From the Adapting Author

Introduction to the 1st Canadian Edition

In the era of digital devices, interactive learning has become a vital part of the process of knowledge acquisition. The learning process for the gadget generation students, who grow up with a wide range of digital devices, has been dramatically affected by the interactive features of available computer programs. These features can improve students’ mastery of the content by actively engaging them in the learning process. Despite the fact that many commercialized software packages exist, Microsoft Excel is yet known as one of the fundamental tools in both teaching and learning statistical and quantitative techniques.

With these in mind, two new features have been added to this textbook. First, all examples in the textbook have been Canadianized. Second, unlike the majority of conventional economics and business statistics textbooks available in the market, this textbook gives you a unique opportunity to learn the basic and most common applied statistical techniques in business in an interactive way when using the web version. For each topic, a customized interactive template has been created. Within each template, you will be given an opportunity to repeatedly change some selected inputs from the examples to observe how the entire process as well as the outcomes are automatically adjusted. As a result of this new interactive feature, the online textbook will enable you to learn actively by re-estimating and/or recalculating each example as many times as you want with different data sets. Consequently, you will observe how the associated business decisions will be affected. In addition, most commonly used statistical tables that come with conventional textbooks along with their distributional graphs have been coded within these interactive templates. For instance, the interactive template for the standard normal distribution provides the value of the z associated with any selected probability of z along with the distribution graph that shows the probability in a shaded area. The interactive Excel templates enable you to reproduce these values and depict the associated graphs as many times as you want, a feature that is not offered by conventional textbooks. Editable files of these spreadsheets are available in the appendix of the web version of this textbook ( for instructors and others who wish to modify them.

It is highly recommended that you use this new feature as you read each topic by changing the selected inputs in the yellow cells within the templates. Other than cells highlighted in yellow, the rest of the worksheets have been locked. In the majority of cases the return/enter key on your keyboard will execute the operation within each template. The F9 key on your keyboard can also be used to update the content of the template in some chapters. Please refer to the instructions within each chapter for further details on how to use these templates.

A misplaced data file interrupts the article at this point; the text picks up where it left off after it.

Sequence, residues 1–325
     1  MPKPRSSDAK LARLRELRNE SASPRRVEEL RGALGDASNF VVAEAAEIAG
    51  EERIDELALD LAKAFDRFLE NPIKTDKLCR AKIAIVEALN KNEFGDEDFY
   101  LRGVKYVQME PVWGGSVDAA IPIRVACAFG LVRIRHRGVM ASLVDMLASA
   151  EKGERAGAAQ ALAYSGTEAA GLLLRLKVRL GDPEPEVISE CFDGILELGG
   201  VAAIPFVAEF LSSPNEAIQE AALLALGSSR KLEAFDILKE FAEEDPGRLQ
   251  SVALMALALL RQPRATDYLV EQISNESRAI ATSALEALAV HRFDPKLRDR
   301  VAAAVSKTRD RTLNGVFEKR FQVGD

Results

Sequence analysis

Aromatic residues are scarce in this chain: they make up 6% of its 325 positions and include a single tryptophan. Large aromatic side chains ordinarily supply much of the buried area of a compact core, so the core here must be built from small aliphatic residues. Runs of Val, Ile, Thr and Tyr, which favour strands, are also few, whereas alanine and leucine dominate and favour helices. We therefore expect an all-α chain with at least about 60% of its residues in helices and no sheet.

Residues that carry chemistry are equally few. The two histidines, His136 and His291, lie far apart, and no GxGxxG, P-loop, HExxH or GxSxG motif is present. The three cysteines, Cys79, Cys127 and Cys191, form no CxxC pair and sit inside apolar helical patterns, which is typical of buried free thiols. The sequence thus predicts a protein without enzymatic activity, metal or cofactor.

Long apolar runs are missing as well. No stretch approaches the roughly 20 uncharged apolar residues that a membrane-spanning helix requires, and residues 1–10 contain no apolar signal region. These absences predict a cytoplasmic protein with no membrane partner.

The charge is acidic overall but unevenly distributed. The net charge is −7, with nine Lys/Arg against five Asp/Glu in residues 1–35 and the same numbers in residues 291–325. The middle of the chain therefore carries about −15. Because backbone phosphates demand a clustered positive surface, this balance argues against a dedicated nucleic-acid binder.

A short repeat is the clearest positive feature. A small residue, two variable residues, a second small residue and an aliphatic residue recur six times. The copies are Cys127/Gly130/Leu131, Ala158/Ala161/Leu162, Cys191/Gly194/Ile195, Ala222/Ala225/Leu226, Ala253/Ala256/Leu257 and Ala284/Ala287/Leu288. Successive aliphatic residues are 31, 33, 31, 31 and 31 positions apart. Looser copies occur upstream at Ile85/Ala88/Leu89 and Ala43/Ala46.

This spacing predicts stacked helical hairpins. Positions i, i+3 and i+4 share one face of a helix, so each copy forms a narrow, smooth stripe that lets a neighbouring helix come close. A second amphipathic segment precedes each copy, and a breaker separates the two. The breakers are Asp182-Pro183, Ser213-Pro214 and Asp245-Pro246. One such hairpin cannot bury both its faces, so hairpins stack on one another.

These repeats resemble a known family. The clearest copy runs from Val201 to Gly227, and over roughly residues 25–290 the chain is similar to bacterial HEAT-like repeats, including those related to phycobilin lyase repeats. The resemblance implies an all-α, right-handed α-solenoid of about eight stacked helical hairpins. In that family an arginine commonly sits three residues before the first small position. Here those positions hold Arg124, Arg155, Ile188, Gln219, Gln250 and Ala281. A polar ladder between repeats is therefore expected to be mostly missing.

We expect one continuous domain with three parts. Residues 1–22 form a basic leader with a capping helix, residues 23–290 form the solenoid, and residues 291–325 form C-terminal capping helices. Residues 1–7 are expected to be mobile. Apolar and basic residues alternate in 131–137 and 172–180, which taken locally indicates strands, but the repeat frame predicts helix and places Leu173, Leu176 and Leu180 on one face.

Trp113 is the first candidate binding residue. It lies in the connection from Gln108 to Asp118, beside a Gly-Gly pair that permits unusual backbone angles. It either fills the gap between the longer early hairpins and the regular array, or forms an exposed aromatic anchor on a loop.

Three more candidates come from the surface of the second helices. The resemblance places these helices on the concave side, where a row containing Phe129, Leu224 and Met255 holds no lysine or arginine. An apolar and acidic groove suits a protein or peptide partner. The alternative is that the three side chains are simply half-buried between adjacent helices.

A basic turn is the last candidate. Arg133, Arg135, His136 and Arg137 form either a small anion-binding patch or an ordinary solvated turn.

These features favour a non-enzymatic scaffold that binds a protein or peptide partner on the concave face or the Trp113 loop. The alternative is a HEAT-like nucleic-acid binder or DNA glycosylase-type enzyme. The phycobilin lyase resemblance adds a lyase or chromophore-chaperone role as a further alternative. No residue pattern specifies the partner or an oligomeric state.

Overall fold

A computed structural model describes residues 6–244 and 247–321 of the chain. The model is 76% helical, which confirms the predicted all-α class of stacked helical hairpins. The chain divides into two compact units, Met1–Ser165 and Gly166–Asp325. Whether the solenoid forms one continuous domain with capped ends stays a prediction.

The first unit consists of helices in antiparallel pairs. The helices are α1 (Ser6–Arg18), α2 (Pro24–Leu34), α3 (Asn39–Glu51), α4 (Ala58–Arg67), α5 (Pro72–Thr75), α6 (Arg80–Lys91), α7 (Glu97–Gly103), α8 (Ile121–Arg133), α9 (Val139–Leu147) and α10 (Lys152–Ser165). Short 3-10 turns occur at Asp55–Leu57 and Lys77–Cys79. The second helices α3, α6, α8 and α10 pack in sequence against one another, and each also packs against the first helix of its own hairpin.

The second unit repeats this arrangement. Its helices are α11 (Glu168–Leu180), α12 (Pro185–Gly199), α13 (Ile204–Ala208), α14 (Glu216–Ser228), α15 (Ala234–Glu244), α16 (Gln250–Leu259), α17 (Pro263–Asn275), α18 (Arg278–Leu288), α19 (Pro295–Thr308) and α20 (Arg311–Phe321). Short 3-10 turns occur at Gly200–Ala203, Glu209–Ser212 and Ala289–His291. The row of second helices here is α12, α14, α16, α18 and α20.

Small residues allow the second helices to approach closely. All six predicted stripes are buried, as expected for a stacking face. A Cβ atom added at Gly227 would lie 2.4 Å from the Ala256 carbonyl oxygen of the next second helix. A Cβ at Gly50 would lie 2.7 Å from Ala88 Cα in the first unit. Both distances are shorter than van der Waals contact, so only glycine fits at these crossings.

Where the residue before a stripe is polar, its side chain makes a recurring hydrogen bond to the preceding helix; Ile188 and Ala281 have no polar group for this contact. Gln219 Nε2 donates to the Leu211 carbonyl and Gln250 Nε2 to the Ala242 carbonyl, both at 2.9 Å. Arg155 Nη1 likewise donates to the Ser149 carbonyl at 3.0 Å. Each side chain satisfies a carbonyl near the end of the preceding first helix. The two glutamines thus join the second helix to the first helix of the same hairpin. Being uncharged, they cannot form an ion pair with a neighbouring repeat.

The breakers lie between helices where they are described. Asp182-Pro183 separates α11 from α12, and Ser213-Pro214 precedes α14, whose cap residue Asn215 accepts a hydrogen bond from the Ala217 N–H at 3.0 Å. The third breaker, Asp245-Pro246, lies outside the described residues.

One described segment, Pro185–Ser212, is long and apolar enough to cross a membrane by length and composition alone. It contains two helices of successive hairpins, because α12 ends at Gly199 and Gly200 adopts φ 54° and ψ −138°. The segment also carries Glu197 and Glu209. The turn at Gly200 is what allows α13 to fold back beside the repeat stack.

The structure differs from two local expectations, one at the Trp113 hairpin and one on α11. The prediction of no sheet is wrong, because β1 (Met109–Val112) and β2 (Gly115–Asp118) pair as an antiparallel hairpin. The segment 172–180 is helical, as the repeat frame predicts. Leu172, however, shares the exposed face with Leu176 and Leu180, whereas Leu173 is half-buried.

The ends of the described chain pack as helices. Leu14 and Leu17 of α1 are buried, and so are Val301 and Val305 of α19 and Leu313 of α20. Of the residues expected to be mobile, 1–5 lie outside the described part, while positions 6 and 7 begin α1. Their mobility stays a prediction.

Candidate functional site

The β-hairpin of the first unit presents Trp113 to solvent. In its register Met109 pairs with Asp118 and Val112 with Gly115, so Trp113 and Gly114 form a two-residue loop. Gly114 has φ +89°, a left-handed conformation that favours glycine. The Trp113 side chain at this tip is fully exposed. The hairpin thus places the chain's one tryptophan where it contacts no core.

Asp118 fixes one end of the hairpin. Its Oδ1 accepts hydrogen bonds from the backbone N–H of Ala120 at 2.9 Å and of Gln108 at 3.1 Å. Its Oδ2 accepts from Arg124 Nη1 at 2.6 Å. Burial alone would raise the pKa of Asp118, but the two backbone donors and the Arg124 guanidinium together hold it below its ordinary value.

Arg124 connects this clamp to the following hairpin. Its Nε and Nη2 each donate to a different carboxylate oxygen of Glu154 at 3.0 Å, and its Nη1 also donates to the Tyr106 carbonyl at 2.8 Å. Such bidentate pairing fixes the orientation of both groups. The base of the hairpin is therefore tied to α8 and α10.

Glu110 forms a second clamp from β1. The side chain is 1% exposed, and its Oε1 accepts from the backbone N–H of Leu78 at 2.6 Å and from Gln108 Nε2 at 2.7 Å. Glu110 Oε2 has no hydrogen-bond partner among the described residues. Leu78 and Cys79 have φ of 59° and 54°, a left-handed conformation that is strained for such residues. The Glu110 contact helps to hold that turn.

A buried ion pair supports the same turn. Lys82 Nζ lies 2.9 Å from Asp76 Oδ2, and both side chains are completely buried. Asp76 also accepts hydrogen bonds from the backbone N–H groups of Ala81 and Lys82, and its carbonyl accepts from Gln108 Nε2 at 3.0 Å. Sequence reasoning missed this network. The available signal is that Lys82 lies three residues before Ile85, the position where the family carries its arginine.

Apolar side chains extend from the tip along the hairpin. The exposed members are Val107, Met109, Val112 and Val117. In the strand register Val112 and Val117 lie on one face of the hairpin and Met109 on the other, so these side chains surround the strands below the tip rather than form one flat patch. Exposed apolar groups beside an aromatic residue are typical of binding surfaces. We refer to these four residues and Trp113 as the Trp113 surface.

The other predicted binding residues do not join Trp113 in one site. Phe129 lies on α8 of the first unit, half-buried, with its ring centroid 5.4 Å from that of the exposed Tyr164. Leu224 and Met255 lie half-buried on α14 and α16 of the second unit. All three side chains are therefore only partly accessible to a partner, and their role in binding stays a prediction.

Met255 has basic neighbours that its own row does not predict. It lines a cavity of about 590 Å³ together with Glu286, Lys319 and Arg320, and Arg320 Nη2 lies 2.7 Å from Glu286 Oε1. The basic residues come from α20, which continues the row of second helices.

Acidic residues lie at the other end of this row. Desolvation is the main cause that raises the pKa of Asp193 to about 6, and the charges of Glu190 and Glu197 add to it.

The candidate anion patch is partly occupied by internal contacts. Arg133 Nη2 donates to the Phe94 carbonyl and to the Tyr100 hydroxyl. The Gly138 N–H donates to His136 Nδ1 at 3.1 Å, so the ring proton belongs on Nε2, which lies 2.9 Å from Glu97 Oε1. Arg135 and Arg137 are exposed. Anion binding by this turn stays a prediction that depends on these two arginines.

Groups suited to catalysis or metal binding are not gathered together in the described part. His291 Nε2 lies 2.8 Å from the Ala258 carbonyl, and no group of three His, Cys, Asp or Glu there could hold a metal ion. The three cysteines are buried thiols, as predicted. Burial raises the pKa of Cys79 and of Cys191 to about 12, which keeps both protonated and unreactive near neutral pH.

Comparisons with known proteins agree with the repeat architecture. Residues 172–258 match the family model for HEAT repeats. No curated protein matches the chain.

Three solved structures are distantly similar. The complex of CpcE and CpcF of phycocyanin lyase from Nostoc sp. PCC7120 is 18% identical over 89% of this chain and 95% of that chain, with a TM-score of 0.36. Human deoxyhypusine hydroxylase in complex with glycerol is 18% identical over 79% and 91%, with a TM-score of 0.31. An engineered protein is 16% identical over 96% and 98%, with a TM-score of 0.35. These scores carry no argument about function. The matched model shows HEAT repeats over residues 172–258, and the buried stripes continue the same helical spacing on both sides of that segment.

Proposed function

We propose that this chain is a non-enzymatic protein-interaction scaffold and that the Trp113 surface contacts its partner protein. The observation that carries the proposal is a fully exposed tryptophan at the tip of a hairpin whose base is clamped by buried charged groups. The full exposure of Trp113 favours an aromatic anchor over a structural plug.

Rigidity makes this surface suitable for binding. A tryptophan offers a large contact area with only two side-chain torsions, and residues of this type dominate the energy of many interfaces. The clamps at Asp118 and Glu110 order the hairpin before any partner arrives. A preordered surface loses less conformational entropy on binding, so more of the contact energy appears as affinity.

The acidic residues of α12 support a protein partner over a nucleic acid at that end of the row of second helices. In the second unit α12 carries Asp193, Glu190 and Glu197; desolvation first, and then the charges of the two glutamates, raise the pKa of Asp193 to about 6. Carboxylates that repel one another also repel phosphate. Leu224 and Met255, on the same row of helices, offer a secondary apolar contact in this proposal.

From the Original Author

There are two common definitions of statistics. The first is “turning data into information”, the second is “making inferences about populations from samples”. These two definitions are quite different, but between them they capture most of what you will learn in most introductory statistics courses. The first, “turning data into information,” is a good definition of descriptive statistics—the topic of the first part of this, and most, introductory texts. The second, “making inferences about populations from samples”, is a good definition of inferential statistics—the topic of the latter part of this, and most, introductory texts.

To reach an understanding of the second definition an understanding of the first definition is needed; that is why we will study descriptive statistics before inferential statistics. To reach an understanding of how to turn data into information, an understanding of some terms and concepts is needed. This first chapter provides an explanation of the terms and concepts you will need before you can do anything statistical.

Before starting in on statistics, I want to introduce you to the two young managers who will be using statistics to solve problems throughout this book. Ann Howard and Kevin Schmidt just graduated from college last year, and were hired as “Assistants to the General Manager” at Foothill Mills, a small manufacturer of socks, stockings, and pantyhose. Since Foothill is a small firm, Ann and Kevin get a wide variety of assignments. Their boss, John McGrath, knows a lot about knitting hosiery, but is from the old school of management, and doesn’t know much about using statistics to solve business problems. We will see Ann or Kevin, or both, in every chapter. By the end of the book, they may solve enough problems, and use enough statistics, to earn promotions.

Data and information, samples and populations

Though we tend to use data and information interchangeably in normal conversation, we need to think of them as different things when we are thinking about statistics. Data is the raw numbers before we do anything with them. Information is the product of arranging and summarizing those numbers. A listing of the score everyone earned on the first statistics test I gave last semester is data. If you summarize that data by computing the mean (the average score), or by producing a table that shows how many students earned A’s, how many B’s, etc. you have turned the data into information.